“School is not just where we learn, it is where we socialise, play and grow as young people….”

The aim is that all children will be back in their classrooms by September. Even then, social distancing may make school a very different place than it was before and pupils may struggle to adjust or catch up after so long at home. Issues of student wellbeing will need to be high priority, as will a rising disparity between students from wealthier and poorer backgrounds. 

In this blog, we hear from #iwill Ambassadors on their perspectives on going back to school. Extracts from these perspectives were included in a Daily Mirror article, which you can read here.

Claire, Co-op Academy Swinton, Manchester, 15

“As a Year 11 student, the proposition of pupils going back to school wouldn’t affect me until autumn approaches. Nevertheless, during this crisis, I think that it isn’t essential for every pupil to return to their school. It simply isn’t safe. However, I firmly believe that it is crucial for some to return. 

Some students don’t have enough time, resources or accessibility to complete their school work. Young people from low socio-economic backgrounds need to have the support that places of education would regularly provide. As well as this, school often produces a safe and welcoming environment for those who don’t have that necessary structure within their own household. Children with various responsibilities, such as young carers, should have more balance and stability in their lives.

Acknowledging and confronting these needs is a necessity so that all young people can maximise their share of the benefits of education. It is the duty of those with power to accommodate and protect the nation’s young. Failing to do so is robbing many students of the meaningful experience of learning as they mature.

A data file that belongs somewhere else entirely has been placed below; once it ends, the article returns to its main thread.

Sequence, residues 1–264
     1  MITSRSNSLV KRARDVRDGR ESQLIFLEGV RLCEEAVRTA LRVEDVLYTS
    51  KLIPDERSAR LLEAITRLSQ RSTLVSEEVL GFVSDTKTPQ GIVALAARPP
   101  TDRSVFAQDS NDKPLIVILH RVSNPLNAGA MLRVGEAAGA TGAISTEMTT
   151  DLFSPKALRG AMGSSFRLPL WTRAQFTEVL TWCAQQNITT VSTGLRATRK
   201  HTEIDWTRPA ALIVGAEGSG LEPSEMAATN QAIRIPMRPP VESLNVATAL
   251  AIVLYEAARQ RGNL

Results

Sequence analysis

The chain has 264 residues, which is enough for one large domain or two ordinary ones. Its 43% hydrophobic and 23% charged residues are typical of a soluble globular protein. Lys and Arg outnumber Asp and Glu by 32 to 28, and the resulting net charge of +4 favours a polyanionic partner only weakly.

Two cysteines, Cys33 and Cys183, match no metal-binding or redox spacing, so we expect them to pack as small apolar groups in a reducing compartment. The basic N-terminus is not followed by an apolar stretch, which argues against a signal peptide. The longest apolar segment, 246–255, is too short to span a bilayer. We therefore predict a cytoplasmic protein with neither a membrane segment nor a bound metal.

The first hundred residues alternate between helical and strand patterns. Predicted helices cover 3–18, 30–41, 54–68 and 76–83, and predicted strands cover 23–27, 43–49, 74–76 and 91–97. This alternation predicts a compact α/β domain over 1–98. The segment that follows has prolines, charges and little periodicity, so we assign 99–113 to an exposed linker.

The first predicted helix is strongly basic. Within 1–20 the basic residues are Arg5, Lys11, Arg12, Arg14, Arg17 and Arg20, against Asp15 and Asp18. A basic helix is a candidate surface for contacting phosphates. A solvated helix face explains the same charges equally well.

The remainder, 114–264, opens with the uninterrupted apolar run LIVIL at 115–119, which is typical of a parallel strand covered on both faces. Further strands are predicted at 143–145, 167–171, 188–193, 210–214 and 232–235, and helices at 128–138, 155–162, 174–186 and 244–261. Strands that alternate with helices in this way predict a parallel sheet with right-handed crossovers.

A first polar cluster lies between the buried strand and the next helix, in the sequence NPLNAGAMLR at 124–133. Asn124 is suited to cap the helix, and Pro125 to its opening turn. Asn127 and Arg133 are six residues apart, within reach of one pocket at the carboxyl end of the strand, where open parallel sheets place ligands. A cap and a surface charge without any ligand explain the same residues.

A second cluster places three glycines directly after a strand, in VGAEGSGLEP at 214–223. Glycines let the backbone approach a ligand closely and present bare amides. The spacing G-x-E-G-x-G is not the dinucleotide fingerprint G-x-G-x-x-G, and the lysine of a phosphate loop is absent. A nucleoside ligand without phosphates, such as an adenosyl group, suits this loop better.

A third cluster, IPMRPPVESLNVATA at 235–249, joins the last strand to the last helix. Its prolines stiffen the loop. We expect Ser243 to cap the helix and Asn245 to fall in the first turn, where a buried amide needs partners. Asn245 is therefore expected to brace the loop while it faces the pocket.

Support is vital for those in need.”

Esther, Tytherington School, Macclesfield, 14

School is not just where we learn, it is where we socialise, play and grow as young people. Honestly there are things I don’t miss, just like anyone else, days where I’m thrilled that I can stay at home. But there are loads of things I really do miss – clubs, music, my friends.

The experience of school is so rich and varied whether it is someone cracking a joke in class, bumping into a friend in the corridor, and even the bad things, like lining up for a fire drill together in the rain. We learn from these interactions and become better people because of them, and of course we learn about our subjects too. 

The impacts of this crisis on our learning will have an affect on all of us, but especially as a state school student it worries me to see the gap growing between state and private education.

My headteacher, Mr Botwe thinks, ‘Students have already missed weeks of learning. We [schools] are the only institution in society which provides a safe space for young people to explore controversial issues. During these times, the notion of a school community feels more vital than ever.’

I agree, and I can’t wait to get back – as soon as it is safe.

Dev, Rushey Mead Academy, Leicester, 15

“For me, a 15-year-old, completing my GCSE’s next year, the thought of school closure seemed horrifying. Undoubtedly, Year 10’s and 12 seem to have been the worst hit losing nearly 25% of their in-school learning. For me, not being in school, makes it exceptionally difficult to learn – while knowing next year’s grades will have a huge impact on me.

Teaching is supposed to be as interactive as possible. You don’t achieve that when looking into a screen.

For most students the inability to stay motivated and concentrate combined with the fact that most haven’t completed their work has caused vast gaps in our learning. The restriction on schools is causing irreversible damage to our learning and will affect our grades massively.

For a lot of young people, home isn’t an ideal learning environment. It took me several weeks to find my perfect working style and to fully adapt to home learning. However, we often forget those with no access to the internet or laptops, those with difficult circumstances at home or those young people who have to care for a family member. The stress and workload for those most disadvantaged, can really make the difference of them reaching their full potentials.

Schools act as a community hub for students. Undoubtedly, they have had to fill the empty void youth clubs have left the past decade. The students of Britain are now missing out on getting the most basic of human contact and other vital services such as mental health support and physical activity.”

Dev has also been successful in advocating for the government to provide food vouchers to families who receive free school meals throughout the summer holidays. Read his comments to the BBC here.